Saturday, July 08, 2006


The oldest hands me a folded piece of paper. "Here. I drew it to cheer up Grandpa. Take it with you to the hospital, OK?" The oldest isn't old enough to visit on the intensive care unit, but this is something he can do for Grandpa.

I don't have the heart to tell him Grandpa probably can't see anymore.

I open the piece of paper. The oldest has drawn the sun shining brightly. There's a nice blue sky. The grass is plentiful and green...

...And there's Pep, his shepherd mix dog, with sharp teeth and wolflike ears. She is in a fighting posture. She has trapped a field mouse and is clearly about to kill it, something she loves to do. The mouse has a fearful expression and a speech bubble that says, appropriately enough, "Eek."

In this case, I think my father's lack of vision may be a

blessing in disguise
A misfortune that unexpectedly turns into good fortune. [Mid-1700s]
"blessing in disguise." The American Heritage® Dictionary of Idioms. Houghton Mifflin Company, 1992. 08 Jul. 2006.

True story: when I was ten years old, I sent my grandmother, ailing in the hospital, a poem I had written called When a Woman Dies, full of ghastly imagery and ghoulish rhymes. She recovered from her illness and saved the poem, why I do not know. I still have it.

Friday, July 07, 2006

Intensive Care

One of my father's pumps is beeping again. A nurse is immediately there, checking his picc-line and resetting something. There's a flurry of activity as another nurse comes in to adjust his oxygen and someone comes from Nuclear Medicine to transport him, all at once. A man from housekeeping slips in and out to change the needle bin.

I step back to get out of the way, feeling utterly

Lacking in utility or serviceability; not useful.
[Middle English, from Old French, from Latin inūtilis : in-, not; + ūtilis, useful.]
"inutile." The American Heritage® Dictionary of the English Language, Fourth Edition. Houghton Mifflin Company, 2004. 07 Jul. 2006.

Thursday, July 06, 2006

You're killin' me here...

We have plans to go to Las Vegas in August for our anniversary, just my husband and I. While making these plans, we were searching for airfare and we were shocked at the prices of the tickets. About 3-4 months ago, when we booked our flight for Dallas, the tickets were slightly elevated for our tastes, but not so much that it left us open-jawed and frustrated. Well, all the airlines are charging an arm and a leg for 2 tickets to Vegas! I can vaguely remember when airfare was pretty reasonable and if the average joe wanted to jump on a plane and go visit a friend, they could without much of a glance at their checkbook. That average joe used to be ME! Now? We haven't been many places because of airfare.

Anyway, we booked our flight and we're on our way, but the sticker shock hasn't worn off. My eyes glazed over and I think I died for about 4 seconds after I hit the submit button on This vacation is going to be a lot of fun and it was well worth it (to relax with each other sans our wonderful children for 4 days--they'll get some Mammaw time), but the price paid was completely ridiculous!

un·con·scion·a·ble ( adj.) :
1. Not restrained by conscience; unscrupulous: unconscionable behavior.
2. Beyond prudence or reason; excessive: unconscionable spending.

Tuesday, July 04, 2006

Come with me, Sammy...

The first time I saw Sammy, I was browsing the internet and I was looking for him. Only, I had no idea I was looking for him! When I saw his face, I fell in love. I clicked the link to get more information about him and I called to ask if he had already been adopted. His information said he was 3 years old, so he'd be a perfect fit for our family. He hadn't been, so my family and I went to visit with him the next day. When we first met him, he was very excited, on the hyper side really. He didn't make much noise, he was a very proud little guy. One thing I noticed about him is that he had a pretty fresh haircut, as if someone cared for him before he was put up for adoption. Also, when we asked him to do something, he did it. When we asked him to sit with us, he did it promptly, without hesitation. He loved our boys and was very gentle with the baby, like he could feel his trepidation (the "baby" is 3 years old and he's afraid of almost everything, but he wasn't afraid of Sammy). He stole our hearts in a matter of days! The day after our visit at the shelter, we drove back (an hour and 15 minutes) and picked up our boy, Sammy.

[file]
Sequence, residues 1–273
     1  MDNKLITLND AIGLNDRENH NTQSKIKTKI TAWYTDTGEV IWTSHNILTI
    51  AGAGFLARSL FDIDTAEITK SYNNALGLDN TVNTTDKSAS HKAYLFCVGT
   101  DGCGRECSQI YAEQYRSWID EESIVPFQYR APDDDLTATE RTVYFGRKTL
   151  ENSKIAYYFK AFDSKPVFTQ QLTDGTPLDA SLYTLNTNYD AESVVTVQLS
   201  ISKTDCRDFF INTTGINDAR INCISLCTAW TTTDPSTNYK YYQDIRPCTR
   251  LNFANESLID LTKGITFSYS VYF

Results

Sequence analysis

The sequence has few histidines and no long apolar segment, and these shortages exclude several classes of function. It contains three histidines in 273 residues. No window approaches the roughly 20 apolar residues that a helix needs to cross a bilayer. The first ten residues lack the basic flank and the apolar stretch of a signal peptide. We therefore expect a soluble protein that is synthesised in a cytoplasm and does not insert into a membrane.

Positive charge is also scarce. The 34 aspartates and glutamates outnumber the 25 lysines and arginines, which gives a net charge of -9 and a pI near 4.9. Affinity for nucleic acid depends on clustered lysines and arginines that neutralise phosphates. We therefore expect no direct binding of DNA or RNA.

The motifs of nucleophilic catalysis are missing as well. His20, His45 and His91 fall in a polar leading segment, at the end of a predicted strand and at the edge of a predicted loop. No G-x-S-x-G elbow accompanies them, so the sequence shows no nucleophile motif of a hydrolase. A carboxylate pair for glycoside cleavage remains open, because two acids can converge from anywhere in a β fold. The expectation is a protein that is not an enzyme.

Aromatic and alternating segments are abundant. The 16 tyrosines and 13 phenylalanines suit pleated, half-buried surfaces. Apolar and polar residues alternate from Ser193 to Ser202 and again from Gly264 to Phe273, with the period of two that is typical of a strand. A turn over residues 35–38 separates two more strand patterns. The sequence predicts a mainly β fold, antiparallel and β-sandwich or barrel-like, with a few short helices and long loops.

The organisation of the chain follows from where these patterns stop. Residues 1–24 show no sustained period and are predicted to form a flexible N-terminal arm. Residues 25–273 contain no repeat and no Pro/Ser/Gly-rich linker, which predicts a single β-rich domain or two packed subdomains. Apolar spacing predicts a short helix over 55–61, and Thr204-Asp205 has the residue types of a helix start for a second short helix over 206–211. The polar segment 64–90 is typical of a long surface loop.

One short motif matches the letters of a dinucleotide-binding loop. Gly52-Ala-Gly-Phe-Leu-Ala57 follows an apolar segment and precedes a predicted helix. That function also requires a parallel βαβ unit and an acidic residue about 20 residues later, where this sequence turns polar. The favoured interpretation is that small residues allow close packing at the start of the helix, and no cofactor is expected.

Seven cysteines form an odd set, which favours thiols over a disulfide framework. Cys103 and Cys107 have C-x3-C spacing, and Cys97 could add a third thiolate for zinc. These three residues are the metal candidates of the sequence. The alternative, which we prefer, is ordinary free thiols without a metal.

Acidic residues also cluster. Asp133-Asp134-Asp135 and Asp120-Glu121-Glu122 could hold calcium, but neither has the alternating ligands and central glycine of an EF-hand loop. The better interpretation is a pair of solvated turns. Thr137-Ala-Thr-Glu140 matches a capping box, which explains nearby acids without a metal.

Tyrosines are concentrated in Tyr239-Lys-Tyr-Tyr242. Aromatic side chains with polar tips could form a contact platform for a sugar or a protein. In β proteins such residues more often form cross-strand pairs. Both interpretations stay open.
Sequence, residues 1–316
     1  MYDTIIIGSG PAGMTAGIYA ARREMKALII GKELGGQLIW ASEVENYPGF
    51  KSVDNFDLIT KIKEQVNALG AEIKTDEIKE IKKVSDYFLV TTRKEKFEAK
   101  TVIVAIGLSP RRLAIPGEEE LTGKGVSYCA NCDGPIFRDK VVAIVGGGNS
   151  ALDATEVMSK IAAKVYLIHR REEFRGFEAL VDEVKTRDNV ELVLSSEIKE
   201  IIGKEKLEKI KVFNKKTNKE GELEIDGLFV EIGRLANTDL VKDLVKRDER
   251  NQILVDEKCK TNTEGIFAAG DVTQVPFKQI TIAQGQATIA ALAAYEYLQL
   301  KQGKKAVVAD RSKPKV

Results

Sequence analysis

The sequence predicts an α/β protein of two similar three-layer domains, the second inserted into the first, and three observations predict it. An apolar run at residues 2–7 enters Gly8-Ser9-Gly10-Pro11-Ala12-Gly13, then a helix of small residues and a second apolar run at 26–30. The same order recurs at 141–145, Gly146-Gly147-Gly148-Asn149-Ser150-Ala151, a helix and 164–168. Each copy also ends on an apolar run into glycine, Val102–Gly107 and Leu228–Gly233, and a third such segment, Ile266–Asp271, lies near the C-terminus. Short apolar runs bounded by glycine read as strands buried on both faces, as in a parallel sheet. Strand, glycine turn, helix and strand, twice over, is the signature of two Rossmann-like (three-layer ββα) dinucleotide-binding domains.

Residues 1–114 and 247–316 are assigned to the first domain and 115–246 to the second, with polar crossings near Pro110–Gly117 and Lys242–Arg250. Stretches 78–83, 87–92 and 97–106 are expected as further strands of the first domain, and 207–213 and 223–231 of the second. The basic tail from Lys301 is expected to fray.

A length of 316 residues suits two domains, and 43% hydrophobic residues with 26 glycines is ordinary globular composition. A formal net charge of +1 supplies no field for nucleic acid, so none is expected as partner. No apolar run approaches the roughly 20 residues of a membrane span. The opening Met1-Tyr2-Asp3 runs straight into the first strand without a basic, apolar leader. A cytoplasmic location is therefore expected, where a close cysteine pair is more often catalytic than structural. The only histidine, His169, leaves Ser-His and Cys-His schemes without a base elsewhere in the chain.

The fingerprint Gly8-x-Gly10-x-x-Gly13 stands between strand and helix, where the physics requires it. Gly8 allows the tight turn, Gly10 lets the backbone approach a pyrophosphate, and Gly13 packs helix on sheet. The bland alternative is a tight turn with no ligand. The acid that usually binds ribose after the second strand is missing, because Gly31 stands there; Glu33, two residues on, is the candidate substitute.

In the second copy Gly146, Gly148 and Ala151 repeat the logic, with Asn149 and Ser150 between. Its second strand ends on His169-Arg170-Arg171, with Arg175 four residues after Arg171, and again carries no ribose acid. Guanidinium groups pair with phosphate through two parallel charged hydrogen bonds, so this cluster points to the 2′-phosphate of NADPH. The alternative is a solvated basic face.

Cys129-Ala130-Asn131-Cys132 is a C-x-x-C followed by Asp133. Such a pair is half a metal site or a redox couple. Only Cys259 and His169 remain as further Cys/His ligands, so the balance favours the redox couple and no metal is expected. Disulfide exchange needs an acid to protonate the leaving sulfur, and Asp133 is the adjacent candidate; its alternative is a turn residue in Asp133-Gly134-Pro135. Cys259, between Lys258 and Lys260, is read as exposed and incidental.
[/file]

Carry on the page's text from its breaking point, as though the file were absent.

Come to find out, the shelter was wrong about his age. Our vet says he's older than 7 months old, but he's not much older than 1 years old! Ha! Sammy Wammy is a baby and he demonstrates that daily. We love him so. He'd been in the shelter for 10 days and I can tell that his spirit was being kind of oppressed there. He's in much better spirits now. He's been to the groomers and he smells LOTS better now. He's a handsome little fella and I am proud that we played a part in his...

deliverance: (noun) the act of delivering someone or something : the state of being delivered; especially : LIBERATION, RESCUE

Sunday, July 02, 2006

Courtesy of the Warner Brothers?

I've spent the past week in the spectacular province of Alberta. And have LOVED it. However, when getting change I found myself startled to repeatedly hear the question, "Would you like Loonies or Toonies?" It took me a bit to understand the terms, and it made me feel a bit:

loon·y or loon·ey also lun·y (lū'nē) Informal.
adj., -i·er also -i·er, -i·est also -i·est.
Extremely foolish or silly.
Crazy; insane.n., pl. -ies also -eys, or -ies.
A foolish or crazy person.
[Shortening and alteration of
LUNATIC, or from LOON2.]